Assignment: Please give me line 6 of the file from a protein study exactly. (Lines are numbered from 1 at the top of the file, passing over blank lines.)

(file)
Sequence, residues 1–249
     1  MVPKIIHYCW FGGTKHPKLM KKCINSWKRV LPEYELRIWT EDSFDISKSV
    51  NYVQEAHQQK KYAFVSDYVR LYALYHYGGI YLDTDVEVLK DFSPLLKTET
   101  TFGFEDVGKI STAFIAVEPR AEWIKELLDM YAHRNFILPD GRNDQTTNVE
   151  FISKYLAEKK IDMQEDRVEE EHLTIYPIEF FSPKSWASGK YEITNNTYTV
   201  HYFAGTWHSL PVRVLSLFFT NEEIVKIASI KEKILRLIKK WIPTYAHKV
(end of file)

   201  HYFAGTWHSL PVRVLSLFFT NEEIVKIASI KEKILRLIKK WIPTYAHKV